...so it's not supposed to make anyone's mind up about the game one way or another. This is one perspective to be taken with a grain of salt, that perhaps, will give people a different way to look at the game when it's released. Of course some people will like the things I disliked, but does that mean I shouldn't mention what I didn't like because someone might like it? Where does that logic stop?

I am, by my own admission, one n00b with an opinion. Moreover, I still think this is going to be a great game. But even the 1972 Miami Dolphins needed a little luck to go 17-0. Nothing's completely perfect.

Fedaykin98 wrote:

So, Pred, I just want to know two things:

1) Are YOU guying to buy it?

and

2) On what system? (this is something the other previews I've read dealt with, but yours didn't get into - please, FSM, let me not incite a flaming riot here)

1.) Maybe, probably not when it's released.

2.) PC.

dejanzie wrote:

The number of lurkers posting first time alone are a credit to the awesomenezz of this preview.

the preview is so awesome it even coaxes longtime non-posters out of the woodwork.

thats all i've got.

see you in another two years.

Who was that masked man?

Anyways, for those of you interested, this article has over 23,000 views.

This is the first time I've seen this site and let me say I'm impressed. I especially like how there is interaction with the previewer/reviewer. I have a major bone to pick with the well-known sources of game reviews and previews (ign, gamespy, gamespot, etc). They are basically all sell-out liars, or at best, reluctant to go against the hype. I haven't trusted them since B&W2.

In some other preview the author mentioned "bolts" but never actually said "crossbow". Can you confirm or deny the
existance of crossbows? If there are crossbows that is just damned sexy.

0zymandias wrote:

In some other preview the author mentioned "bolts" but never actually said "crossbow". Can you confirm or deny the
existance of crossbows? If there are crossbows that is just damned sexy.

I'm pretty sure that the developers have confirmed that crossbows (as well as spears/polearms and miscellaneous thrown weapons) won't be included this time around. They say that they felt their time was better spent perfecting the weapon types they already had included, and while it is a bummer that there will be less weapon variety this time around, personally I am okay with it if it means they managed to get everything else working right.

Of course, they could possibly be modded in at some future date, but that would be quite a feat given that it would require either:

1) Making entire new sets of animations

or

2) Making some hackish reuse of existing animations

Option 1 is probably much more work than anyone (at Bethesda or in the community at large) will be willing to invest, except perhaps as part of an major expansion, and I wouldn't even want to see option 2 attempted.

That makes me sad. ; ;

It's not like it'd be alot of work to add a few crossbows to the game coding wise. It's the same as the bow except a longer wind-up period and perhaps make it easier to keep cocked. Maybe they didn't want to spend the art assets on a whole selection of crossbows? It would have been nice if they'd added atleast 1 crossbow so modders could make a variety of them with the animation. Why is it so impossible to add animations?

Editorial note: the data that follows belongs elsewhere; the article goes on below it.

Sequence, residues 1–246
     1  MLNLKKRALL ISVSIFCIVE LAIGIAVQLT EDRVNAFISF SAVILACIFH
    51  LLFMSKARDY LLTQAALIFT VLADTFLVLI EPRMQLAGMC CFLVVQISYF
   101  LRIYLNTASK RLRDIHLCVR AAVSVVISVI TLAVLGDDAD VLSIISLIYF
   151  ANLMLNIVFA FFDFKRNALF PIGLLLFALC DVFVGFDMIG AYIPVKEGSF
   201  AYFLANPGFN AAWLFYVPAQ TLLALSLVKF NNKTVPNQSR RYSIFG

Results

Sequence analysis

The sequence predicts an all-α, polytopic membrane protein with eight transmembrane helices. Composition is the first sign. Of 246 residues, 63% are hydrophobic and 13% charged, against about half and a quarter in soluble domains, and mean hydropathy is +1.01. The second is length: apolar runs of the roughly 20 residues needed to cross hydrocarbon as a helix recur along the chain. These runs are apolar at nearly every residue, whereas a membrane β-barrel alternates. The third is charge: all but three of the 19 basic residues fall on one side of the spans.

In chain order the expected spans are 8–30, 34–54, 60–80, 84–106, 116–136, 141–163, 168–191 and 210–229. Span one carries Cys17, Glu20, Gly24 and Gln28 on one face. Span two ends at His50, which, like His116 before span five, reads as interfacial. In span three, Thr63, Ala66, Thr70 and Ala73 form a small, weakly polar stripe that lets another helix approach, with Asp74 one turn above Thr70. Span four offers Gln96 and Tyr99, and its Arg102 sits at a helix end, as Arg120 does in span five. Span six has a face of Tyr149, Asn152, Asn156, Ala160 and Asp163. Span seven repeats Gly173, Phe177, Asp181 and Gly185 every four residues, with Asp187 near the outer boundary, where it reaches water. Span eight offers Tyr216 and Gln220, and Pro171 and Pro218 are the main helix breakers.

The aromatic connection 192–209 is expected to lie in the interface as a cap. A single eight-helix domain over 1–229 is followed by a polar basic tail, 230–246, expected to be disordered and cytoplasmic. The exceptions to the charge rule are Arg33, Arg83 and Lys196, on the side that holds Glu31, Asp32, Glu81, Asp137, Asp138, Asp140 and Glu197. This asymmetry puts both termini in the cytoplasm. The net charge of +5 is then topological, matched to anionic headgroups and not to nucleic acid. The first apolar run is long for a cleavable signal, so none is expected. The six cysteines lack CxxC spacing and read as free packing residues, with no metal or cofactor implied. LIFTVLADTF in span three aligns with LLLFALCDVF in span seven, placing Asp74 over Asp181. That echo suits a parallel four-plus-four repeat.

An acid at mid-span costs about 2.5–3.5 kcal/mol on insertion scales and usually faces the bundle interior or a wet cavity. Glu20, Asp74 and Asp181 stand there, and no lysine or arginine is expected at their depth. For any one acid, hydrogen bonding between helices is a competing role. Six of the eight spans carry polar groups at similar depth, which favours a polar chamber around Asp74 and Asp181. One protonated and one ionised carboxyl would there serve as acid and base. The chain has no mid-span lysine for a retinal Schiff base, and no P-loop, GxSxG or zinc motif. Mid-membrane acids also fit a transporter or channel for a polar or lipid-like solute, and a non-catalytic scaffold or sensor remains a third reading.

hi, i too am a member of the TES forums, we don't go into OG (oblivion general) anymore it has become home to trolls and twelve-year-olds. most of the more highly ranked members have been hiding in the the community discussion forum waiting for oblivions release so the idiots can go flame at some other forum afterwards.

a couple of questions about the stealth though,

1. what level were you at for stealth?
2. were you wearing armour?

i ask because dev's have said stealth in armour is a no go, and your description of stealths digital nature leads me to believe your character was seriously low level, or you were sneaking around in fifty pounds of steel armour. were either of these the case?

also did you at any point try the argonian (lizard men) race? i'm very interested in how much modification is available for the faces.

and lastly, there are very specific characteristics for each 'race' in the elder scrolls, bretons look like anglo saxons, redguard look like african americans, imperiels look like extras from the movie troy. could this be the reason behind your lack of customisation you mentioned for the face generation? being new to the franchise you wouldn't have been aware of these differences unless you specifically asked. and those of us who have played just accept this as common knowledge so wouldn't have told you.

and one final thing to mention, the comment about the quality of the TES forums having gone down since the release of morrowind xbox is a little offensive to console gamers like myself, i think you will find that it was always as it is, the community forums on TES have been closed before due to bad behaviour of members, and that was before the release of morrowind, morrowind was the first teen rated iteration of TES, which lowered the average age of posters which also wouldn't have helped.

i haven't meant to offend anyone , if i have, sorry

Certis wrote:

Who was that masked man?

Anyways, for those of you interested, this article has over 23,000 views.